Did you, or your children, or maybe your grandchildren have one of these?
My own grandsons have one – it is,of course, a child’s abacus. Coloured ‘beads’ on horizontal rods within a frame. Toddlers love pushing the beads back and forth and have no idea what they are really for.
Abacuses (abacii??) are an ancient form of counting device; prior to their invention stones or beans on a flat surface had been used in many ancient societies to tally numbers – of men, cattle, armaments, money owed etc.they were probably invented in China (wasn’t everything back in the day!) approximately 600BC. By the end of the Eastern Han Dynasty (25-220AD) mathematician Xu Yue had initiated the first ever concept of “abacus calculation” in his book ‘Memoir on Mathematical Art’.
Hmm… let me digress for a moment to tell you of a thought I had a few moments ago – prostitutes are often said to be the oldest profession in the world, but I’d bet accountants run them a close second – there has ever been a desire by those in power to quantify money and goods for tax purposes (including the money prostitutes would make by plying their trade), and so the profession of accountancy was born – and accountants need calculators. Just a thought.
What the Chinese did with this ancient and simple computing method was to put it all onto a flat plate which could be moved; and the Ancient Romans refined it to framework which could be carried from place to place.
This in turn went back down the Silk Roads where the Chinese changed it slightly yet again.
The concept of the abacus – or sùanpán 算盤 (calculating plate) as the Chinese call it – went from the east through Egypt, Ancient Greece and then to Rome, taking in Russia, Persia etc. en route. In fact it was the Ancient Greeks who gave the device the name abax or abakon which became ‘abacus’ as westerners call it today. They were widely used across Europe from the 12th century onward.
In recent times three types of abacus have been in common use – Chinese, Japanese and Russian. The Chinese abacus is widely used throughout East Asia (apart from Japan and Korea which used the Japanese version called Soroban).
Staying in Singapore 30 years ago, I recall being gobsmacked by how fast a local shopkeeper could – using an abacus – add up the bill for my purchases. I even bought an abacus which came with a booklet on how to use it and took it back to the UK. Alas I never mastered the system. The crucial fact I failed to grasp was that an abacus does not solve the math problem, the human being using it does, what the abacus does is keep a tally of all the numbers as you work it through.
Since the invention of computers and electronic calculators there have been contests held in HK, China and Japan to see which is fastest at helping someone to solve a maths problem, and frequently the abacus beat the other devices. However the honest answer is that it depends on the skill and dexterity of the abacus user. Even novices can use a calculator easily, but to be fast on an abacus requires practice and lots of experience.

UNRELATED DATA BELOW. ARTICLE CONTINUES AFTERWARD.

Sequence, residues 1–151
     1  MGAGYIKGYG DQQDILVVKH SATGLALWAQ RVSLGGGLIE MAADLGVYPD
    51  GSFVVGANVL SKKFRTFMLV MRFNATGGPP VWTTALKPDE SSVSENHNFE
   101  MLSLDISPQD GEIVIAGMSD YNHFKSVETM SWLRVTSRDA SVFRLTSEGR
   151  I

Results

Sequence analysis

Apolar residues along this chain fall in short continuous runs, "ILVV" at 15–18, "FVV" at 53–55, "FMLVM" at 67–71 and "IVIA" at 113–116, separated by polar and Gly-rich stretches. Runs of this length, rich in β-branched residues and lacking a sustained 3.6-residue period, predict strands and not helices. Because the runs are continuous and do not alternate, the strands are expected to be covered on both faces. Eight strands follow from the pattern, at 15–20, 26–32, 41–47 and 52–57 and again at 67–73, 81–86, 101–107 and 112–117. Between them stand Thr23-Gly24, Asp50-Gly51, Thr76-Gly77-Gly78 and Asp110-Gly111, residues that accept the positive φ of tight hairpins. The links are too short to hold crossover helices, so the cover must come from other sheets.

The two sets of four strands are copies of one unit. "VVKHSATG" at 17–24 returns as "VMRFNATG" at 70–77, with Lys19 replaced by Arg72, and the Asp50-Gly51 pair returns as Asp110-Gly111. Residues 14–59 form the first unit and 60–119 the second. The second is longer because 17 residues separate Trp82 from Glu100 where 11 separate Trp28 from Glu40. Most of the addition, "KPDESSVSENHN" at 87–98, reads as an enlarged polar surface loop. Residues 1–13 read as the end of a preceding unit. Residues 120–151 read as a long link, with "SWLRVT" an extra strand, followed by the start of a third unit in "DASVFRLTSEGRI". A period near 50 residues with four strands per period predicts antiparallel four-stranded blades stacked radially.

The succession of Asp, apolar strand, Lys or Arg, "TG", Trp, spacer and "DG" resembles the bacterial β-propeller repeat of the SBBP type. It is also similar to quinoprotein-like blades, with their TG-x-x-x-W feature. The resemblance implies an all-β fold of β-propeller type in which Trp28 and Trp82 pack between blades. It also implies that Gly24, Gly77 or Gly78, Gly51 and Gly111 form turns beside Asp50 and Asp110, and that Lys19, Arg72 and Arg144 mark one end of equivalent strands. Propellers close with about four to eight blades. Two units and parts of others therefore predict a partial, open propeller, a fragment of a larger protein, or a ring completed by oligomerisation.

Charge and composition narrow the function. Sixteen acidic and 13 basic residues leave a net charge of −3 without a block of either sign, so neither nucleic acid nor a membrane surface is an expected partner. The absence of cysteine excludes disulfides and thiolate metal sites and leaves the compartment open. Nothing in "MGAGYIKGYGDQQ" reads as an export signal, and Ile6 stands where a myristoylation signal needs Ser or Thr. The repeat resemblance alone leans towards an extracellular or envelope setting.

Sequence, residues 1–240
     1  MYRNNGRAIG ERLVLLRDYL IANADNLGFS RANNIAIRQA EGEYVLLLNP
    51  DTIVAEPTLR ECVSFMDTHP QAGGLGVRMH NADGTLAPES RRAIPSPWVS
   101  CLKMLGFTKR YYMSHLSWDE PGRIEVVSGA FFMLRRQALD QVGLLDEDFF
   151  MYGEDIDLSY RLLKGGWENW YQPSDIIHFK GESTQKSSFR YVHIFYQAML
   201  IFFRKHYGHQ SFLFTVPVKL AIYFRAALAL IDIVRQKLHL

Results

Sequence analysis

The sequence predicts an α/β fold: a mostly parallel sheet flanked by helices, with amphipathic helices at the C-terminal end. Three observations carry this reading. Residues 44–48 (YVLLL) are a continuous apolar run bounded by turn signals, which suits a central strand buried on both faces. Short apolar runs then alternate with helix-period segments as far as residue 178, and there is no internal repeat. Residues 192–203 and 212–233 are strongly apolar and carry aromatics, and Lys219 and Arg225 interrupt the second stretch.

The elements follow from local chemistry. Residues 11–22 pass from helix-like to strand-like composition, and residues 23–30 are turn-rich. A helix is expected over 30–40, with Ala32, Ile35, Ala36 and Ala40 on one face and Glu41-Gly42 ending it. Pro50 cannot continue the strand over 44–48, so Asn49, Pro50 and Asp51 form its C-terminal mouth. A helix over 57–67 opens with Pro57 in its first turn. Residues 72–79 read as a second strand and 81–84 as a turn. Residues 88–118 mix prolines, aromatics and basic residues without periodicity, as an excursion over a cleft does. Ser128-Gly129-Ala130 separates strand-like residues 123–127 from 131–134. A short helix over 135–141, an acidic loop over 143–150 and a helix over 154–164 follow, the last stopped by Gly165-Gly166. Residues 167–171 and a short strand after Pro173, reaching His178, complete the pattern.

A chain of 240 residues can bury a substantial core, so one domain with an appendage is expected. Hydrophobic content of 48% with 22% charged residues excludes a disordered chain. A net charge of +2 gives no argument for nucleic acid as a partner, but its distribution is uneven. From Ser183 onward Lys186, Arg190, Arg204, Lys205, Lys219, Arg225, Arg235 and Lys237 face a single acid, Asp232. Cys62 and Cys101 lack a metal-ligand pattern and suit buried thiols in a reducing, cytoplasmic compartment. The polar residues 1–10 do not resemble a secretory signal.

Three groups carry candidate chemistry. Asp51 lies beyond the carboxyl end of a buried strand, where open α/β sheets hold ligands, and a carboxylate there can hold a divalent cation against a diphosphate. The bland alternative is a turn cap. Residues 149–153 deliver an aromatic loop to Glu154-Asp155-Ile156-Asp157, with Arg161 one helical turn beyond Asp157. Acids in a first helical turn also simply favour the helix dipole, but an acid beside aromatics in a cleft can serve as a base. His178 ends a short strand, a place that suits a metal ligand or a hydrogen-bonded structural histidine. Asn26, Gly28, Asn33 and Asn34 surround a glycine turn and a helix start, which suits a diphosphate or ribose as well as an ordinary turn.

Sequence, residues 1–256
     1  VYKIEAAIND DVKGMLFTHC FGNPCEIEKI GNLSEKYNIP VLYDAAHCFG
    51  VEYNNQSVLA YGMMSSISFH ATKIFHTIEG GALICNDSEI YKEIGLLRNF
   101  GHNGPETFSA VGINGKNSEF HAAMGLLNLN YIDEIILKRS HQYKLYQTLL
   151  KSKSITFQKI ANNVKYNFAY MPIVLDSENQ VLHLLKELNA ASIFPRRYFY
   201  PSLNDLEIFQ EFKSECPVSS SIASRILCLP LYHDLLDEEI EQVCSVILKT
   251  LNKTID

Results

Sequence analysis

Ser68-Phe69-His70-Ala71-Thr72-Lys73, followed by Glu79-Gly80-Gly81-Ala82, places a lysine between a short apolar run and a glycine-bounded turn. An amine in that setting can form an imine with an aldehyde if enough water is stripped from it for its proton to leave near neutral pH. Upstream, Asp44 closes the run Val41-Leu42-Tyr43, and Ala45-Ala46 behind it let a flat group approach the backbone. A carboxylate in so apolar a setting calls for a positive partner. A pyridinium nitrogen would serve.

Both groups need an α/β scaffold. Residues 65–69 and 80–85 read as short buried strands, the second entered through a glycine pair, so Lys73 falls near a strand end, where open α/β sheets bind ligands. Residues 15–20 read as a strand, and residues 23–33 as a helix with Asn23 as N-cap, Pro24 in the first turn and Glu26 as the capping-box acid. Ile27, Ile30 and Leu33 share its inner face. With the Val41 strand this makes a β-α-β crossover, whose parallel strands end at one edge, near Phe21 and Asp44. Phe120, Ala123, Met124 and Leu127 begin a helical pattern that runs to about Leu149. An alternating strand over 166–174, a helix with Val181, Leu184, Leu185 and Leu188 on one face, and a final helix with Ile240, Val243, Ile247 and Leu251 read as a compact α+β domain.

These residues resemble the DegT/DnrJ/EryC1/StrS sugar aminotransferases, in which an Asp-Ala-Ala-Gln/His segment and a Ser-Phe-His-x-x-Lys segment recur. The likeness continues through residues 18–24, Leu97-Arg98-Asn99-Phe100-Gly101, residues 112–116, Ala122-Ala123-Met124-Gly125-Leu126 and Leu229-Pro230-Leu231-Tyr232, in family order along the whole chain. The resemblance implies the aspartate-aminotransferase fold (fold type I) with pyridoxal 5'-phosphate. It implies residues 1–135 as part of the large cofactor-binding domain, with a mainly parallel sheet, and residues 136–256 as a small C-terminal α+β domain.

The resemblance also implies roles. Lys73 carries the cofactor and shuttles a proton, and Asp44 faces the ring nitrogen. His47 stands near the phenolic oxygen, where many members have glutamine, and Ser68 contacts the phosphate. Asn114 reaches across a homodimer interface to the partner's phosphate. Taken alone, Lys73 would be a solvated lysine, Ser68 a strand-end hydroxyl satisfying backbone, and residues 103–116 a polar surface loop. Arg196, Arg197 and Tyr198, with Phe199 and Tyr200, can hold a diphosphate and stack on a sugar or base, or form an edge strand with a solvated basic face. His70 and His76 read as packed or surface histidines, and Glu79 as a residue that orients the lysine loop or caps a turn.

A Chinese friend of mine who is 30 told me that when she was in primary school and was 10 years old, they were all taught to use an abacus. These days, she tells me, few children in Chinese schools are taught to use it – the electric calculator has won the battle!
The reason for this post about ‘The Abacus’ is because on Sunday afternoon I took my DH to an area of Beijing called Gaobeidian.
Once a village to the east of the city it has now been subsumed into greater Beijing. Gaobeidian was always a village of furniture makers, and what little of it remains – two or three streets – still is. There are lots of shops, workshops etc where you can find old and new Chinese furniture, and craftsmen who will copy a wooden screen, chair, cabinet etc. I have spent several happy hours fossiking about in Gaobeidian. On Sunday we spent two hours browsing around one of the bigger shops ‘Lily’s Antiques’ or 华伦古典家具 as it is called in Chinese. Measuring tape in hand we were on the hunt for a console cupboard for our hall area. After we found the perfect piece, we wandered round and found ourselves in a huge room full of shelves of ceramics; tucked away at the back the DH spotted something unusual – a circular abacus!
It was dusty and dirty but when we hauled it out we discovered a small metal label on the outer frame. It had been made in 1935. Circular abacuses were in use in the Song Dynasty (circa 960-1279 AD) and then enjoyed a revival in the late 1920s/30s. It was going for a song (pun) and I didn’t even bargain, I knew we had to have it. Now it is hanging on the wall in our apartment, looking fantastic. Chinese friends who have seen it are astounded, they have never seen a circular abacus before.
When I have finally mastered the complexities of reading, writing and speaking Mandarin, perhaps I will find someone who can teach me to use an abacus!